It’s odd I’d never thought about my own thought processes before. My thoughts, though I knew they were fallible, were just statements about the world. They lay dormant until some stimulus made them leap into being, as if in alarm, the way a harsh light sweeping through a room casts shadow-patterns on a wall. I made no attempt to be aware of why I thought, so these pedestrian and obvious conclusions were a revelation to me, or a Pandora’s box, depending on how you looked at it.
For example, low self-esteem could explain my tendency to cringe away from my own memories. My short term memory is rubbish but I like it like that. As each moment becomes memory I hurriedly ditch it and rush on to the present, like a student dealer dropping is stash as he runs from the police. Like most men, I’m a creature of the eternal present, and that suits me fine.
Remembering anything from my past makes me feel ashamed: all my memories contain me, not necessarily doing anything wrong – just being an asshole. I hadn’t been aware I even felt like this, let alone thought why.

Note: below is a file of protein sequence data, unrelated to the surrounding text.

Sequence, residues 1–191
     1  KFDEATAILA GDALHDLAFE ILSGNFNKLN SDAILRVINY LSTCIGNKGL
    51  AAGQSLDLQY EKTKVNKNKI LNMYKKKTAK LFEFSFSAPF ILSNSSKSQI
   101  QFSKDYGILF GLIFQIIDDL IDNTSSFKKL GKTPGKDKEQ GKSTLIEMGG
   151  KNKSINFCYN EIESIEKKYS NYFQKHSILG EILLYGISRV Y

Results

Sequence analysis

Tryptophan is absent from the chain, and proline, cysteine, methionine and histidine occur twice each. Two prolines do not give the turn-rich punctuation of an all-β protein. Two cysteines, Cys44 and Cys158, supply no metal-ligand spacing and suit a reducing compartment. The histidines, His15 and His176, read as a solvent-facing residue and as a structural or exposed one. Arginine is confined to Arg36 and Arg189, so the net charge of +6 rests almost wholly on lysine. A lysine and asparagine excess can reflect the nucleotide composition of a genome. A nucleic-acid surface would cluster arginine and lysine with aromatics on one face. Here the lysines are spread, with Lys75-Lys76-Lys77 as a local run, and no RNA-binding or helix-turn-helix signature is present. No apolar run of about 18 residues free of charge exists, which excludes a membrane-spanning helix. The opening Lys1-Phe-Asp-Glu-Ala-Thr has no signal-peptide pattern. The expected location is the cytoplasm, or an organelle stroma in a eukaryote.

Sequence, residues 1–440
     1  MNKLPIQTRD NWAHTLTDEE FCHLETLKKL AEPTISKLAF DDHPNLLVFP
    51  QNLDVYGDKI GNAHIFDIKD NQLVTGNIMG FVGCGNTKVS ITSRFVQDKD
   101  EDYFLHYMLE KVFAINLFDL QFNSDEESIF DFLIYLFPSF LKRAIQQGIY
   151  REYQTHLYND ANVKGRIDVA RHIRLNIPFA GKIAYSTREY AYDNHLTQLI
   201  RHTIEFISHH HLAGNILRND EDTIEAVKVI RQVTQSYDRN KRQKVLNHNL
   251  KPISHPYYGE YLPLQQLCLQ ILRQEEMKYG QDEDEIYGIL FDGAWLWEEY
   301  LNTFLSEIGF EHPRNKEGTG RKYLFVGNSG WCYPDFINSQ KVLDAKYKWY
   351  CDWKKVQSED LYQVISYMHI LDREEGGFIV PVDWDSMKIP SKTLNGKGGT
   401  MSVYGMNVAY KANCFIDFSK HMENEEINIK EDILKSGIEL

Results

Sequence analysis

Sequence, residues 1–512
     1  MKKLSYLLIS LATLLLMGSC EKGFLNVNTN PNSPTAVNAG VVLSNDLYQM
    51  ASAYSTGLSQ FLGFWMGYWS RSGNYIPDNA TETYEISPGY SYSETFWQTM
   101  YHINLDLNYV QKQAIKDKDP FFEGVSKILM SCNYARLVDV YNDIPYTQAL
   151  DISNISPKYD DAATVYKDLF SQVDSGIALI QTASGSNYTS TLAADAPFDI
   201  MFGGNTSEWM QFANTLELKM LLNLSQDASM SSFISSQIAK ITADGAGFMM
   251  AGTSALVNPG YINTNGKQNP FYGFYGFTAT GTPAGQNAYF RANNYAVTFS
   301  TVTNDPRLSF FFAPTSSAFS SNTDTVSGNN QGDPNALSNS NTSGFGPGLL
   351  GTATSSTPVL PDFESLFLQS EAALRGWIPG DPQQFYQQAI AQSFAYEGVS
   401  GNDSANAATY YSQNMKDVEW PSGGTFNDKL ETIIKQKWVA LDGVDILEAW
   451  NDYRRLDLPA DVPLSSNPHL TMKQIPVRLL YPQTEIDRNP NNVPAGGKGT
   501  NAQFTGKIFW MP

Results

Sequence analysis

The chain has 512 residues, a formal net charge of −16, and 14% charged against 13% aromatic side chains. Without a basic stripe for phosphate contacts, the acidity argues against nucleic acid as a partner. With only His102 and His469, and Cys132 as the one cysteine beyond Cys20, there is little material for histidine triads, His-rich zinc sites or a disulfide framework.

At Ascot House, they give you a workbook to fill in when you don’t have workshops. I guess it’s supposed to stimulate self-analysis, because pages have titles such as Who am I? “What sort of a question is that?” I asked myself, with rhetorical derision, before dismissively dashing off a list of the most negative accusations I could think of. I quite enjoyed it.
Why, though, did I choose insulting myself as my mode of dismissal? Was I trying to prove that self-analysis only led to self-harm?
Then again, these were all characteristics I fear could be attributed to me. Maybe I hoped, by setting them all down, in a self-hating frenzy, and seeing them in the smallness of their written form, I’d convince myself of how unnecessary, indulgent and self-absorbed such perceptions were, as a friend might do, if you confided in them. (I’m sure you’ve spotted the flaw in this project, though – why it contains the seeds of its own destruction: “indulgent”? “self-absorbed”?)